The column “Find Your Buried Treasure” appears weekly in the Chanhassen (MN) Villager. This column was published on June 30, 2011.

Our family’s 4th of July celebration will be pretty traditional. Our son will come over for a visit. In the morning, we’ll stake out our favorite spot for watching the parade, and later on we’ll enjoy the parade and the other festivities taking place in town. At night, we’ll watch some of the many area fireworks displays. Weather permitting, we’ll throw something on the grill for dinner and – rain or shine – the menu will include my famous homemade potato salad, which everyone in my family loves and which comes from a recipe straight out of the Betty Crocker cookbook.

At some point in the evening, we’ll watch a DVD of the movie, Independence Day. It’s one of our favorite movies, and it’s one we watch several times throughout the year – not just on the 4th of July.

I still remember when that movie first came out. Not so much because of the movie itself, but because of the reaction it inspired in someone I knew. She wrote for a small, local publication – I should mention that this was long before we moved to Minnesota, and “local” was nowhere near Chanhassen – and went on a rant about what a wake-up call this movie should be for everyone because the events it portrayed could happen to us at anytime.

Since the movie is about an invasion of aliens from outer space, I thought this was a bit of a stretch. Still, there are some things about the movie that hit pretty close to home, and seem even more relevant now than when the movie first came out in 1996. And I find them to be both inspiring and demoralizing at the same time.

The inspiring part is how people who are very different from one another – in the case of the movie, it’s people from countries all over the world – can come together in the face of a common enemy, and act in unity and cooperation to fight against forces that threaten everyone’s safety and freedom. The demoralizing part is that it usually takes an enemy of that magnitude and power – someone or something capable of and intent on destroying us – to get us to join forces and engage in the kind of universal cooperation and support that’s needed to fight against it. Sometimes it’s an act of nature – an earthquake, flood, hurricane, tsunami or tornado – that causes people to rally to the cause and work together, either in preparation for it or in its aftermath. At other times it’s an act of aggression – terrorists from outside or within our own borders. And sometimes it’s totally internal – as in the political battles that cause or threaten government shutdowns over budgets and control of policies and programs.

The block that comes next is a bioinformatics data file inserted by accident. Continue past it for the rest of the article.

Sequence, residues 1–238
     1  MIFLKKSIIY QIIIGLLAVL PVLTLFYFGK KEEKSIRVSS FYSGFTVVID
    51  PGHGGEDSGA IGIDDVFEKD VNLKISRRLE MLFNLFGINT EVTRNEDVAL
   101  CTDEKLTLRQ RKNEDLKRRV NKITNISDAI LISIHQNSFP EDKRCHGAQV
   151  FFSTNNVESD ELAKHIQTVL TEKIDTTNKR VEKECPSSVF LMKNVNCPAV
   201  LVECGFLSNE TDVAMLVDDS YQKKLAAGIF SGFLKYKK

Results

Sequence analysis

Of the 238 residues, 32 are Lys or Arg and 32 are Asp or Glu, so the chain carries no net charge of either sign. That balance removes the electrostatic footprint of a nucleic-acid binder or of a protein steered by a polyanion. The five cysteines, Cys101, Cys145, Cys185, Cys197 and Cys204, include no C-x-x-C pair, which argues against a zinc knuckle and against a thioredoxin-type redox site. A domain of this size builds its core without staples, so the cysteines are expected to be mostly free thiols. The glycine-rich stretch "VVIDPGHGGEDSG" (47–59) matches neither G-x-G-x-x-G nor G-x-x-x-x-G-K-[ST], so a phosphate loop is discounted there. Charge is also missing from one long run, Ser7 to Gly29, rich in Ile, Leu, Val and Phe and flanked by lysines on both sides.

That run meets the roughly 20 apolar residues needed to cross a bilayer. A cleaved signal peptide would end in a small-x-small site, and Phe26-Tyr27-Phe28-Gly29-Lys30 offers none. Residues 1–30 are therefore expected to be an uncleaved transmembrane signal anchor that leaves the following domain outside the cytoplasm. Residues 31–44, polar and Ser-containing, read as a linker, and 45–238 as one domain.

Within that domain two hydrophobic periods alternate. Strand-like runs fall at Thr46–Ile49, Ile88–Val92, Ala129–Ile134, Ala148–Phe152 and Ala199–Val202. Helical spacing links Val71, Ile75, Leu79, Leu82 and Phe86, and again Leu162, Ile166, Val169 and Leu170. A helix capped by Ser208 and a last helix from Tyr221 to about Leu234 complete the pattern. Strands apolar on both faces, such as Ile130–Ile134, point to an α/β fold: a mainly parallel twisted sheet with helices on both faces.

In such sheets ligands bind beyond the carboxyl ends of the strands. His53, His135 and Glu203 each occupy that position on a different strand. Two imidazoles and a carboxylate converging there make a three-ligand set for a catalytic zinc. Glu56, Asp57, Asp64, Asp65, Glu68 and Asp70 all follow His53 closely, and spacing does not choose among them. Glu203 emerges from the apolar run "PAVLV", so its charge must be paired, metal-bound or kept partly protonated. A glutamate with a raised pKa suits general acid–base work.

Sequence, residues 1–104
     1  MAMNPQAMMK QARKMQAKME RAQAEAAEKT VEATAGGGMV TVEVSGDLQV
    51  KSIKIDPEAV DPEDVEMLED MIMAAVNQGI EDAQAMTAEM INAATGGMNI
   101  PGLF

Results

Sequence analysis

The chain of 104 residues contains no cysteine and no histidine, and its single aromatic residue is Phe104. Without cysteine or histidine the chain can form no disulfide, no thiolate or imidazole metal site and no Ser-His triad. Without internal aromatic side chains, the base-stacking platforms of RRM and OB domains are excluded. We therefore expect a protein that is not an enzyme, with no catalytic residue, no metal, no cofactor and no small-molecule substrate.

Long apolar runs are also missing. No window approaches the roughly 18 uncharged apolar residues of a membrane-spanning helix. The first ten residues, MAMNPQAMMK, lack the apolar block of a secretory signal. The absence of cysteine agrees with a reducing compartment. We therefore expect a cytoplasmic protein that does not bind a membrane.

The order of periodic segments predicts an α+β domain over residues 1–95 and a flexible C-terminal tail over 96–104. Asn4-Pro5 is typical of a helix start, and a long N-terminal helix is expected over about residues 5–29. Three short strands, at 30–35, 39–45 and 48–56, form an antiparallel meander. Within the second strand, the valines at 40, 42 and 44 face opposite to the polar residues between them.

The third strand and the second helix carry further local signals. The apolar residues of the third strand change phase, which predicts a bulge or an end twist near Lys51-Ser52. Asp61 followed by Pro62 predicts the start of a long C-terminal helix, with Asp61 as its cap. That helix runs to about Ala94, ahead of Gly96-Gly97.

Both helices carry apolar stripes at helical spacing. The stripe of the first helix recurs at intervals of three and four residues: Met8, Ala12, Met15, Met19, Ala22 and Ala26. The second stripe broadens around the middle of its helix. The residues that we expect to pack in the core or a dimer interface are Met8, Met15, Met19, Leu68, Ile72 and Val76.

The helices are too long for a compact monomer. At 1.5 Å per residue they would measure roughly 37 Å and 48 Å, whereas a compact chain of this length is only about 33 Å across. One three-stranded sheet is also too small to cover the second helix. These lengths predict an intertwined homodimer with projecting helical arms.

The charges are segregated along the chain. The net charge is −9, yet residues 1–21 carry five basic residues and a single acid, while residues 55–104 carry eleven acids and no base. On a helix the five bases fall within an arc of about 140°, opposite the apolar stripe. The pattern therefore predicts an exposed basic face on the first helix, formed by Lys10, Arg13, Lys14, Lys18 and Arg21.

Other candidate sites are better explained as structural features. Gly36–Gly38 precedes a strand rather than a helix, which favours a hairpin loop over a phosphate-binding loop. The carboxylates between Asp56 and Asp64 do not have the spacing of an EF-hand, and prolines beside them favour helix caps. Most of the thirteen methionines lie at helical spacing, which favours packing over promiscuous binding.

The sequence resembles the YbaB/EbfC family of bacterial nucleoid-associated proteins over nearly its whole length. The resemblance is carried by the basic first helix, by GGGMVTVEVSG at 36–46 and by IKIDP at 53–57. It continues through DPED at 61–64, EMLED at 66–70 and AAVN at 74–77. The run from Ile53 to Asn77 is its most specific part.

My hope this Independence Day – and everyday – is that we all will remember or relearn how much power there is in a unified effort of cooperation and support, and how dangerous and destructive it is to spend our energy and resources battling with ourselves and each other. I hope we will use that wisdom in a way that honors and exemplifies the name of the United States of America. And I hope that everyone is able to take part this Independence Day in whatever traditions and celebrations they value the most.

© Betty Liedtke, 2011